What to do: Bursitis-related pain can be relieved by applying ice to the area for 20 minutes, 2 to 3 times per day. The doctor may also recommend analgesic, anti-inflammatory and corticosteroid medication to improve pain and reduce inflammation. Treatment also involves rest when possible and physiotherapy sessions to maintain range of motion. 

7. Winged scapula

A winged scapula occurs is associated with improper protruding of the scapular bone when moving. This incorrect positioning can feel like the bone is “out of place” and can cause discomfort. Although it can affect any side, it is most commonly seen in the right shoulder blade, and can occur with conditions like arthrosis, clavicular fracture, paralysis and thoracic nerve damage. 

Diagnosis is confirmed by an orthopedic surgeon through a physical exam followed by further testing with an EMG, to evaluate the functioning of the muscles in the area. 

What to do: Once confirmed, the specialist may prescribe medication to relieve pain in the short-term. In most cases, surgery is recommended to repair any damaged nerves behind the chest cavity. 

8. Fibromyalgia

Fibromyalgia is a common rheumatologic condition that is is characterized by generalized pain in several areas of the body, including the shoulder blades. It can also cause symptoms like fatigue, muscular rigidity, tingling in the hands, depression, and sleep disturbances, which can all worsen overall quality of life. 

These symptoms should be evaluated by a rheumatologist, who can confirm a diagnosis through a thorough assessment of the patient’s health history, taking into account the locations of pain and duration. The doctor may opt to order imaging, like MRIs or EMGs, to rule out other possible pathologies. Learn more about the symptoms of fibromyalgia and how it is diagnosed. 

What to do: Fibromyalgia is a chronic disease that does not have a cure. Treatment is aimed at symptom relief and can include muscle relaxants (like cyclobenzaprine) and tricyclic antidepressants (like amitriptyline). TENS machines and ultrasounds, typically used by a physiotherapist, can also help to manage pain.

Check-out the fibromyalgia medications that your doctor may prescribe.

9. Snapping scapula syndrome

Snapping scapula syndrome is a condition that is associated with pain and cracking within the shoulder blade upon movement. It is caused by excessive physical activity and direct trauma to the shoulder, and is more commonly seen in young adults. 

Diagnosis is confirmed through direct assessment and x-ray or CT scans, after ruling out other conditions. 

What to do: Treatment consists of analgesic and anti-inflammatory medication to relieve pain and reduce inflammation. Physiotherapy can help to strengthen the scapular muscles and prevent further injuries.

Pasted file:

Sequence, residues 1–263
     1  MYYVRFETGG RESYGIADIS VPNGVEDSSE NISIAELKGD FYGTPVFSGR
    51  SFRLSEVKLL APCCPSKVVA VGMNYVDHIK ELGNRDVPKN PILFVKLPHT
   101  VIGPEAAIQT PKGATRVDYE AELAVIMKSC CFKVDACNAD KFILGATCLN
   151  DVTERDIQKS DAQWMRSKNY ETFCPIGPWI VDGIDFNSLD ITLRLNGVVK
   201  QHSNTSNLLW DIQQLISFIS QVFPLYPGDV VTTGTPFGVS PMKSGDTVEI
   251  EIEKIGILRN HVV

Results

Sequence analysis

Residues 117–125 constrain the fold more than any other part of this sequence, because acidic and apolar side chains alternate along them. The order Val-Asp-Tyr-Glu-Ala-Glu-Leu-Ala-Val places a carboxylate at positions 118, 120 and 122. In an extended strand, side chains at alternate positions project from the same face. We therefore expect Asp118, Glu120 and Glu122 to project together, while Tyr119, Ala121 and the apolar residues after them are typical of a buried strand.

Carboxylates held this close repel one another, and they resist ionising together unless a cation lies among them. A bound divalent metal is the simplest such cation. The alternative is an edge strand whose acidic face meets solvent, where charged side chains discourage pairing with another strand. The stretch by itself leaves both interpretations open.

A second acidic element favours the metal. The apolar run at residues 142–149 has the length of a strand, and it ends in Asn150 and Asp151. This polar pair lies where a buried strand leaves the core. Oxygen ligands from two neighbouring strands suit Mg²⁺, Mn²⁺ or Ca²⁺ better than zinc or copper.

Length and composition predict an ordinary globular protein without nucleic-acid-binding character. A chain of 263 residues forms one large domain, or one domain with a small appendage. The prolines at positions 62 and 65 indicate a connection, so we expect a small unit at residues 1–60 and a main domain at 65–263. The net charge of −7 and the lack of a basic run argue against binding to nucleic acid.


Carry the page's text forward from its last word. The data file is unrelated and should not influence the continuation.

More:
10. Gorham’s disease

Gorham’s disease is a rare condition that causes bone loss. It is associated with sudden and difficulty moving the arm. Diagnosis is usually confirmed by an orthopedic surgeon through CT scans and MRI.

What to do: Treatment is monitored by an orthopedic surgeon and depends on where the disease is most occurring. Medications, like biphosphonates, can help with repositioning of the bone, and surgery may be indicated to stabilize fragile bones. 

11. Heart problems

Some heart problems, such as rupture of the aorta artery or heart attack, can cause intense and sudden pain in the shoulder blade region.

Heart problems can also cause other symptoms, like strong and intense pain in the chest, pain that radiates to the shoulder or arm, shortness of breath, dizziness, malaise, nausea, cold sweat or paleness.

What to do: you should seek medical attention immediately, as these are serious conditions that can be life-threatening if not treated quickly.

12. Liver and gallbladder problems

Gallbladder stones and liver problems, like abscesses, hepatitis and even cancer, can lead to scapular pain, particularly on the right side. This symptom can be accompanied by other symptoms, like jaundice, back pain, nausea, fever and diarrhea. 

Tests, like ultrasounds, CT scans, MRI and bloodwork, can help to confirm liver or gallbladder issues that can cause scapular pain. Complete our online liver disease symptoms checker to assess your risk for a liver problem.

What to do: If you notice these symptoms, you should seek medical assessment to initiate treatment. Treatment will depend on the underlying diagnosis. 

When to see a doctor

Scapular pain can be a sign of another condition that is not skeletal, muscular or nerve-related. It may be a heart or lung condition, like an acute heart attack or aortic aneurysm, which is why you should see a doctor immediately if you have symptoms like:

  • Sharp chest pain
  • Shortness of breath
  • Paralysis on one side of the body
  • Excessive sweating 
  • Coughing up blood
  • Pallor
  • Increased heart rate 

In addition, another symptom you should monitor for is fever, which can indicate the presence of an infection and prompt further testing.